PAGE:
Another Project 52 participant, Don Fadel, checks in from Florida.
“First of all I would like to thank Don Giannatti (historically “WizWow”) for establishing Project 52 and taking the time to organize and critique the images. This was a major commitment on his part for which I am personally very grateful.
The most basic challenge Project 52 presented to me was to apply what I was interested in photographing (people) to assignments that I had no control over. Naturally, some of the assignments by their nature precluded this from happening (photographing a shiny object, for example, as in assignment 40). Other challenges including such assignments as photographing strangers or food – things I normally wouldn’t do. I would therefore say that forcing me out of my normal comfort zone and/or forcing me to look at an assignment creatively in order to leverage what I like to shoot challenged me to look at concepts and subjects that ultimately got me pointed in the right direction in terms of where I want to go with my photography. More on this later.
As an example, there were assignments on the weather. I photographed my daughter showing only her legs and her boots, and a very full retention pond. This was part of a series that included to what amounted to a landscape shot and a detail shot. But I got that person in.
I’m not saying that I always succeeded. I honestly can say that some of the failures (which I will blessedly spare you from) provided the most useful lessons. I learned from the successes too. And from viewing how others approached the same assignment.
Some of the assignments obviously were easier than others. I remember setting a white seamless out on the sidewalk and waiting for strangers to walk by and let me photograph them. That didn’t work very well. OK, it didn’t work at all. So in frustration I walked across the street to the skate park and photographed some skaters I met. These were the first extreme sport type pictures that I ever took, and the experience was enjoyable and led to some decent images.
The fact that the assignments were modeled on “real world” assignments meant that there were parameters and expectations. I couldn’t just shoot what I wanted to (unless I could somehow shoehorn that into the assignment). And the quality had to be there. Don is very detail oriented, and picked out the little things (and sometimes to my embarrassment the big things) that I would not normally have noticed on my own. Peers during the critiques provided feedback as well – positive as well as the constructive negatives.”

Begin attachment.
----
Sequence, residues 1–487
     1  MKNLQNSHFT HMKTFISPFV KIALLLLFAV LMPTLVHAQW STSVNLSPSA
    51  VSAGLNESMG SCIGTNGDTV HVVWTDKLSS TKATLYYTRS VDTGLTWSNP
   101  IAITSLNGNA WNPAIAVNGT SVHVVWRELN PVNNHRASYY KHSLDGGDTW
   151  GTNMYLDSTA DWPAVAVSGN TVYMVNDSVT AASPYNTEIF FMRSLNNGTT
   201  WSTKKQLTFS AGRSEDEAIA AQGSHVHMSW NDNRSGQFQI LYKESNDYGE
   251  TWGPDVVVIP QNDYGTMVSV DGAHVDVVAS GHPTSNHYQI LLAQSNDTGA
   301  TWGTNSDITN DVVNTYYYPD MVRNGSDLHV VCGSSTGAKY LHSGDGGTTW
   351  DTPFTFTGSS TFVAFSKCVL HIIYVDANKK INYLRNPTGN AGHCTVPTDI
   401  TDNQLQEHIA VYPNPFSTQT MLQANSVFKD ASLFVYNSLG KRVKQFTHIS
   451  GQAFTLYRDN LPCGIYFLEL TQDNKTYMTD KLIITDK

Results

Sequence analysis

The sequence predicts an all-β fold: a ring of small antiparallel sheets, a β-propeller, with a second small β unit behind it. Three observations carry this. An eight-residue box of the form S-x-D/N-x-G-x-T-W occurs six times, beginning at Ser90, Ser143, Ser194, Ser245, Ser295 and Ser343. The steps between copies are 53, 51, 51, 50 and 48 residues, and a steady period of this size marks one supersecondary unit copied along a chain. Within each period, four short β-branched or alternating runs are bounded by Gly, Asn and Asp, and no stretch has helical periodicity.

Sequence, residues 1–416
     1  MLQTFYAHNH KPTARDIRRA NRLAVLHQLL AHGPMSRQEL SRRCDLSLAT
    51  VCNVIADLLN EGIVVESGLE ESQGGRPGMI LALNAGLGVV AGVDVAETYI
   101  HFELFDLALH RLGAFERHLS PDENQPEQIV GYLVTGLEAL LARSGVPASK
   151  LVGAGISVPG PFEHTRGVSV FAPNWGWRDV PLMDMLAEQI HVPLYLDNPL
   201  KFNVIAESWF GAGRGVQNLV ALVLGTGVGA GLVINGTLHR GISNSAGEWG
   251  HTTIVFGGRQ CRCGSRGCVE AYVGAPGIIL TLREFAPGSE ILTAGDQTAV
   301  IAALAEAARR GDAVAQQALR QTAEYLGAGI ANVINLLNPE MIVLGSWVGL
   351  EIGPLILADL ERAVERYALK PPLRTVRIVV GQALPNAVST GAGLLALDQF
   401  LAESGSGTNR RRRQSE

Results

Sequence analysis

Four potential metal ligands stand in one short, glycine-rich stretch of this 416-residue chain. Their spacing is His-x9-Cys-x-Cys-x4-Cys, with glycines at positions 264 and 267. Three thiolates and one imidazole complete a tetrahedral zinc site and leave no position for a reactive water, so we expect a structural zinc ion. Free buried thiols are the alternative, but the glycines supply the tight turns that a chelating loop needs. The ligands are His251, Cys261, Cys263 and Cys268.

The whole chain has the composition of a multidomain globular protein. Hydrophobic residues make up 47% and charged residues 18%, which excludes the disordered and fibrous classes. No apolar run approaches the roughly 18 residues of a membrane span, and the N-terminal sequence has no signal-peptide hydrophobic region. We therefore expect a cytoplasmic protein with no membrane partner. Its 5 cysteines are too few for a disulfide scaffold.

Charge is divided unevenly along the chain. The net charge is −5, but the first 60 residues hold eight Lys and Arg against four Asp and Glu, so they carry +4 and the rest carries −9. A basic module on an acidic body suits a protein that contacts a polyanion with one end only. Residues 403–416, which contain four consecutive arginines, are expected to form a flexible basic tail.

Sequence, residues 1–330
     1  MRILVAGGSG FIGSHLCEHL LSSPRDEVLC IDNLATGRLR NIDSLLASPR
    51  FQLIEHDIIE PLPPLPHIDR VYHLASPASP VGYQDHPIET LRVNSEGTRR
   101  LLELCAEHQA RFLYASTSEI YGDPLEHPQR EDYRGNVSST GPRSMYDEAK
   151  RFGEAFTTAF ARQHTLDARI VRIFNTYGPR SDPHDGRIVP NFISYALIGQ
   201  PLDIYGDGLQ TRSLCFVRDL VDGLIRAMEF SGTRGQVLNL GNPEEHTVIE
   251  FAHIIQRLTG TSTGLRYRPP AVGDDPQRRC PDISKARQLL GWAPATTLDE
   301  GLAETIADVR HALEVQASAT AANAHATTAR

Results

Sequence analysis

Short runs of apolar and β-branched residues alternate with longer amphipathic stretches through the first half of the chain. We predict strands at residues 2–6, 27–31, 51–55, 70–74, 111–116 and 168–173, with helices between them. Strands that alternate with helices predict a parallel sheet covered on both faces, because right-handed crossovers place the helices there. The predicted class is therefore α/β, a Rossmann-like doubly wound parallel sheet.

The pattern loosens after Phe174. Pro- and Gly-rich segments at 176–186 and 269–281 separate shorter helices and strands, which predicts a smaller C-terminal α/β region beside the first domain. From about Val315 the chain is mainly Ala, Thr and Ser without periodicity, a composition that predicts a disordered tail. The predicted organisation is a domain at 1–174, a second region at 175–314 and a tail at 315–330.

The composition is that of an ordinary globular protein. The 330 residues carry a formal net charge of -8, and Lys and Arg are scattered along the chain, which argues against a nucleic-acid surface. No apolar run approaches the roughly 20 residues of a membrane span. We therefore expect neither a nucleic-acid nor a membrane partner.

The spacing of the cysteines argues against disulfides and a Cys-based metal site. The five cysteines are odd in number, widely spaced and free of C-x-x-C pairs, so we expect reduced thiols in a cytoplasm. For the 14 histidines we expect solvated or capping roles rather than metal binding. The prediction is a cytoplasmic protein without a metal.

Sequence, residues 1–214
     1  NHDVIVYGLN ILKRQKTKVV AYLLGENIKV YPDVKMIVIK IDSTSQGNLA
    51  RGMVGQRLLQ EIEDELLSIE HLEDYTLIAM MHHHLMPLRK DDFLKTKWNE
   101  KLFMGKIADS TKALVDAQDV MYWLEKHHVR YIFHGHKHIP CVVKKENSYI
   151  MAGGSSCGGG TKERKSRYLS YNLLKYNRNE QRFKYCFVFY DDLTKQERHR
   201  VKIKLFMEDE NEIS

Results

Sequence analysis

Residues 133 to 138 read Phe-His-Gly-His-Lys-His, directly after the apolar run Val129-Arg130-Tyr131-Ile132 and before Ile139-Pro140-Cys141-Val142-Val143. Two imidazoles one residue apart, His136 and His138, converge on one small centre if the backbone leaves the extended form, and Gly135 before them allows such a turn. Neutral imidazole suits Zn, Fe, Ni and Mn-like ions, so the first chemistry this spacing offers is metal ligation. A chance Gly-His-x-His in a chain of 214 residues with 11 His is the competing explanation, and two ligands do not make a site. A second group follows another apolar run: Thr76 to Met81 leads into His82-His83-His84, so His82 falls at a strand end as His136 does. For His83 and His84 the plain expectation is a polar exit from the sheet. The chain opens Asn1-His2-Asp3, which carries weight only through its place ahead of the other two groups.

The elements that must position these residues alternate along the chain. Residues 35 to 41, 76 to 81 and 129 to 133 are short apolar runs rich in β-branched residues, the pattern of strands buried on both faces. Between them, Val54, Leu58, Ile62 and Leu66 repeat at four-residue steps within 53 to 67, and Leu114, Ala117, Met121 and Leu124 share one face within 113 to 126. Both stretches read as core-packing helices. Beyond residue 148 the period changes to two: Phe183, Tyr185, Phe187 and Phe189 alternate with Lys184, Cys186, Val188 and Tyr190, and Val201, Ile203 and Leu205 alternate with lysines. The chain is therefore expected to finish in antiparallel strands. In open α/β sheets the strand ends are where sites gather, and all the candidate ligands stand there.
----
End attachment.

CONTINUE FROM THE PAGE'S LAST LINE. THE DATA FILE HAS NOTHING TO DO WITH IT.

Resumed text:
More from Don and a look at some of his images after the break
“My paid work to date had always been images that I made on my own terms. This was the first time really that someone else set the conditions and I had to fulfill them. Invaluable experience.
What I took away from the whole experience was a more deliberate approach to photography on my part. I find I do a lot more planning than I used to. I am also more detail oriented – it is the little things in the photograph that I pay more attention to. I also feel that I have a new commitment to quality and to stretching myself and my abilities to increase the uniqueness of what I am offering.”
“My plans moving forward are to make more money with my camera. I now recognize that this is a necessary precondition to me being able to touch more people with my photography. I recently participa=”file”]ted in a charitable endeavor using my pictures to help them raise money. Not only are people willing to pay decent money for my work, but there is that expectation that quality means paying more for it. Rather than being taken aback by what we were asking, they instead were grateful for the opportunity. That was eye opening for me as photography had always been just a hobby to me.
I credit this project with upping the ante in terms of the quality that I am able to offer. I also don’t think I would have even taken that step in selling my work had it not been for Project 52.”
And if you like the articles here, LIKE them on FB or click the little G+ thingy. I appreciate your kindness.